Join Early Retirement Today
Reply
 
Thread Tools Search this Thread Display Modes
Use Two Lines of Credit or Use One and Sell Mutual Funds
Old 01-29-2009, 05:46 PM   #1
Recycles dryer sheets
 
Join Date: Nov 2007
Posts: 133
Use Two Lines of Credit or Use One and Sell Mutual Funds

Should I sell the mutual funds or take out two lines of credit?

Background
Not sure what we've done here, but I'm refusing to have buyer's remorse! We want to remodel our current house because we feel we will live in it "forever." Family is here, we're entrenched in the community, etc., and there is no better place to live than in a suburb of San Francisco. Even if DD grows up and moves away for her job, we're staying here, so we want to have our home done in a way to fit our needs. Construction will cost $120K and take 9 months (conservative estimates - I've already added 20% on top of what we think it will be in both cost and time). Due to the excavation, dust, etc., we won't live in it while remodelling.

My husband, who is adverse to paying rent, decides that we're going to buy another house to move in. Otherwise, we'd either be paying about $22K in rent ($2400 x 9 months). We offered and got the home. Unless the inspection stinks, it's ours in 15 days! In case anyone is curious, it was $500K for a 4 bedroom, 3 bath, single family detached home; in move-in condition, it's worth about $750K. But it also needs some work (carpet, paint, possible some bathroom/kitchen work). Conservatively, about $50K and will probably take about 2 months. We would be using this as rental property after we move back.

Coincidentally, I have two lines of credit available on my current home that equals $500K! I owe about $200K on this home, and it's worth about $750K. I have about $450K in mutual funds that I had just invested in... January 2008! My initial thought was to use one of the $250K lines of credit and sell $250K of mutual funds to pay for the home, but what do you think?

1. Is there a strategy here that I need to know about? Is it better to not use both equity lines of credit?!
2. If I should sell my mutual funds, is there a strategy to it? Do it all at once, spread it out over the next two weeks?
3. When selling, do I pick the funds that have lost the most money? Or does it really matter in the end? I guess I DO need to make sure I don't sell anything w/gains (I doubt there are any anyway) so that I don't pay short term capital gains tax.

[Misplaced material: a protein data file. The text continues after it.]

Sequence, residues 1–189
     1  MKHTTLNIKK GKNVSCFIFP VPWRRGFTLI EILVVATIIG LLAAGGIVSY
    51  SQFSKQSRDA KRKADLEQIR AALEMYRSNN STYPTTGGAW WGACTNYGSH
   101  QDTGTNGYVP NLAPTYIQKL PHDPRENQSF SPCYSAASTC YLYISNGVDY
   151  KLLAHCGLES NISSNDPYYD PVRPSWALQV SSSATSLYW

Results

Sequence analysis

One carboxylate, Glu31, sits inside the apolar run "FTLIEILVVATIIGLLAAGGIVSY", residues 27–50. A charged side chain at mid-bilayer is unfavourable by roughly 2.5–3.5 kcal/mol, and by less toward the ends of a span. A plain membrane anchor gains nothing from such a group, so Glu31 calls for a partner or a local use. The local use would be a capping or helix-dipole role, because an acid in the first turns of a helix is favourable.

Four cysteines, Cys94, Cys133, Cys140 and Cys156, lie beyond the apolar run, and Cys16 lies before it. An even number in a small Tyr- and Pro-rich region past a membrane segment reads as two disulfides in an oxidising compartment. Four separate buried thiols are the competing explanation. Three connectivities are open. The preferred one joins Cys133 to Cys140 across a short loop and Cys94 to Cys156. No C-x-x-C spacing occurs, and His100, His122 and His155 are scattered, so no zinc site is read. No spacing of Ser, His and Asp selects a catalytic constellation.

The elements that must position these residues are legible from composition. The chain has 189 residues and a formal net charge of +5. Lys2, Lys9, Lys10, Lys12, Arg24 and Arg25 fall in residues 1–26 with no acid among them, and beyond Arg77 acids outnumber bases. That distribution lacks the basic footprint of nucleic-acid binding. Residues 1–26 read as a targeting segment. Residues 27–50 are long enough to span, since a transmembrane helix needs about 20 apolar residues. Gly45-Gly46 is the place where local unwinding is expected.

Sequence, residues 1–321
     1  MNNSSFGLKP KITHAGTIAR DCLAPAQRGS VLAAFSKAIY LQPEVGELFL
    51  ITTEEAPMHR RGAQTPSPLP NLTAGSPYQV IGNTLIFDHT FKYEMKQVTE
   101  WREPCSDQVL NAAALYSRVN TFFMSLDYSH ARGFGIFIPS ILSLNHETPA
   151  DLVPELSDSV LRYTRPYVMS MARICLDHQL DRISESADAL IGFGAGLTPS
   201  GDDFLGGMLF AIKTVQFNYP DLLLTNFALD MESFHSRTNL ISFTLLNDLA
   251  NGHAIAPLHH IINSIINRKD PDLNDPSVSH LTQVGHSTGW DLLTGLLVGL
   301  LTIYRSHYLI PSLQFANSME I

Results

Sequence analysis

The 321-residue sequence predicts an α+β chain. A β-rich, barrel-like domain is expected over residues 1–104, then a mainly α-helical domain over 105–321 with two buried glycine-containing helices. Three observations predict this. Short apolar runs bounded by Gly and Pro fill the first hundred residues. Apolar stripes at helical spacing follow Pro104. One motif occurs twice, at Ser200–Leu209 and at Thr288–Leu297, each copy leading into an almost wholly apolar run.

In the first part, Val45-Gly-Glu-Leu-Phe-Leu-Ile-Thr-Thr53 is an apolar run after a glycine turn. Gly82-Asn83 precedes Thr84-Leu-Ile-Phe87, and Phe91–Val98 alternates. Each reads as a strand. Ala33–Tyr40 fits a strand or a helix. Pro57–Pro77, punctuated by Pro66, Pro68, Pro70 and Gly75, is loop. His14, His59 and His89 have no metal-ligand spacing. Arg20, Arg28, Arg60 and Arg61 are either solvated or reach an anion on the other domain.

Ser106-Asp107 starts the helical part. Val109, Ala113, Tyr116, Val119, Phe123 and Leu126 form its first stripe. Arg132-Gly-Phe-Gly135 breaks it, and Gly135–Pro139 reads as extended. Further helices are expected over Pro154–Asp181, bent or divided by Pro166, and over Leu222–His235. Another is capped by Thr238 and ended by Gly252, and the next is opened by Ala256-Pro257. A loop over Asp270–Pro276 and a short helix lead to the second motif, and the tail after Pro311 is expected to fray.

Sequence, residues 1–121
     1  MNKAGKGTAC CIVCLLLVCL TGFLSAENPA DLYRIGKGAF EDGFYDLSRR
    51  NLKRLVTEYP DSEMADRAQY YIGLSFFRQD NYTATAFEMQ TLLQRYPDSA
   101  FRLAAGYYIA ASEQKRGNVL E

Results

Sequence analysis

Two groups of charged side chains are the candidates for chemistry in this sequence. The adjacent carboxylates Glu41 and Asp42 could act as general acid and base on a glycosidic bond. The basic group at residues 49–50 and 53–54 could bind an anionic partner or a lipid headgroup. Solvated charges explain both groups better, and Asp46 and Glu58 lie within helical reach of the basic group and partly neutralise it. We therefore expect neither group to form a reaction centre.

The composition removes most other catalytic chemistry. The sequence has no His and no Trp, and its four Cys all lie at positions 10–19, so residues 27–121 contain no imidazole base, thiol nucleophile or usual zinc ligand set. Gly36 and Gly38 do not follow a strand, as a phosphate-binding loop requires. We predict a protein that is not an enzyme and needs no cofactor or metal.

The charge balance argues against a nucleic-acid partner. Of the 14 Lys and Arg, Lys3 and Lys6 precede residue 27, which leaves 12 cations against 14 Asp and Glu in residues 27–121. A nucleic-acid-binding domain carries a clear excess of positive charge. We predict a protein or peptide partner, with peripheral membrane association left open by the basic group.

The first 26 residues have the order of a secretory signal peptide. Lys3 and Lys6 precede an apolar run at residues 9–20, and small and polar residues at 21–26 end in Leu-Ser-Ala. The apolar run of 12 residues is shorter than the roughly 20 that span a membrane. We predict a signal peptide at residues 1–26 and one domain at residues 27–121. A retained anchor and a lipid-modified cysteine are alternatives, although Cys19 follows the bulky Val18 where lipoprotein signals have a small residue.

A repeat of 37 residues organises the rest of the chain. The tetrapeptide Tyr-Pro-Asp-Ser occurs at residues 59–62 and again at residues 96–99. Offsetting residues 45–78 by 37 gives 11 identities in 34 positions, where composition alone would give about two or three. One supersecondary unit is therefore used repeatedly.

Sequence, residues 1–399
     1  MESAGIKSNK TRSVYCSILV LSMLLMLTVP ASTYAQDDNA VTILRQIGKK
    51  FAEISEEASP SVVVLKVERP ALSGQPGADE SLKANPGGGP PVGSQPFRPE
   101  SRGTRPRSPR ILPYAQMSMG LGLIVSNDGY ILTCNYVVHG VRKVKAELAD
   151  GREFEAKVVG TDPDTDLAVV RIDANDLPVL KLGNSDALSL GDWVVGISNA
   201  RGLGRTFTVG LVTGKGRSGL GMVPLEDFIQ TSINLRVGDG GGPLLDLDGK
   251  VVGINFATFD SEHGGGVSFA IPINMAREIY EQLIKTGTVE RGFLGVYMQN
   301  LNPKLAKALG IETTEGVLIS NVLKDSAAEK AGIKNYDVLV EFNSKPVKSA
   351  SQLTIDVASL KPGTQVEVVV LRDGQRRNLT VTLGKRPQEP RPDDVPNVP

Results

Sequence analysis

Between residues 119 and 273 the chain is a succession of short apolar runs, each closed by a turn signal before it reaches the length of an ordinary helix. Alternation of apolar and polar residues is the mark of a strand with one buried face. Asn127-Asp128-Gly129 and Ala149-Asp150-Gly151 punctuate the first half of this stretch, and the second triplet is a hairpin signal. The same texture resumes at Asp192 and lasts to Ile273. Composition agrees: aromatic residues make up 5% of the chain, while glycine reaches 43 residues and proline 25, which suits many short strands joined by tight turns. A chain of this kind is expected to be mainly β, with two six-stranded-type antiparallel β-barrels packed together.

4. Anything else?

As always, thanks!
__________________

__________________
retiringby50 is offline   Reply With Quote
Join the #1 Early Retirement and Financial Independence Forum Today - It's Totally Free!

Are you planning to be financially independent as early as possible so you can live life on your own terms? Discuss successful investing strategies, asset allocation models, tax strategies and other related topics in our online forum community. Our members range from young folks just starting their journey to financial independence, military retirees and even multimillionaires. No matter where you fit in you'll find that Early-Retirement.org is a great community to join. Best of all it's totally FREE!

You are currently viewing our boards as a guest so you have limited access to our community. Please take the time to register and you will gain a lot of great new features including; the ability to participate in discussions, network with our members, see fewer ads, upload photographs, create a retirement blog, send private messages and so much, much more!

Old 01-29-2009, 09:43 PM   #2
Thinks s/he gets paid by the post
 
Join Date: Jul 2005
Posts: 3,862
I'd go with the two lines of credit and keep the mutual funds, but you need to have a good margin of safety to do that. I'd expect to earn more than the loan cost from the mutual funds over the next few years. I've invested my HELOC starting late October last year with good results so far. But I also have almost 2 years of living expenses sitting in cash and plenty of home equity left.

If you do sell, I'd wait for the market to be hitting monthly highs to catch a little extra gain. Selling all or part is up to you. Short-term losses are good, but make sure you don't unbalance your asset allocation.
__________________

__________________
Animorph is offline   Reply With Quote
Old 01-30-2009, 06:52 AM   #3
Recycles dryer sheets
 
Join Date: Apr 2008
Posts: 125
Would also say to go with the credit, especially if selling the mutual funds results in a loss. After all, you did buy the mutual funds with a longer term outlook than one year, right?

Guess it's too late to say that the purchase could result in being the biggest mistake you're about to make. You say it's worth $750k in move-in condition, but you're about to set its price point at $500k. Doubt anyone would pay you a $250k premium a year from now for carpet, paint, and a little reno work, but you know your market.

Renting, and living way below your means since it's only temporary, would be a good option. You're more flexible, because your main home's renovation will take longer than they say. I mean, just think of the closing costs of your $500k house amortized over the time you'll really need it. And will you rent the house when you're done or will you try to sell in this market? Even better there's ways to live in a house getting worked on that may not be the most enjoyable, but it's only temporary.

Last, $120k doesn't seem like a whole lot of budget for 9 months of work. A roof on a tiny house around here goes $12-20K. Are you sure they're not low-balling the estimate and will catch you up on change orders and non-included necessities (like appliances, flooring, fixtures, paint, etc?)
__________________
deepc is offline   Reply With Quote
Old 01-30-2009, 01:02 PM   #4
Recycles dryer sheets
 
Join Date: Nov 2007
Posts: 133
Quote:
Originally Posted by deepc View Post
Guess it's too late to say that the purchase could result in being the biggest mistake you're about to make.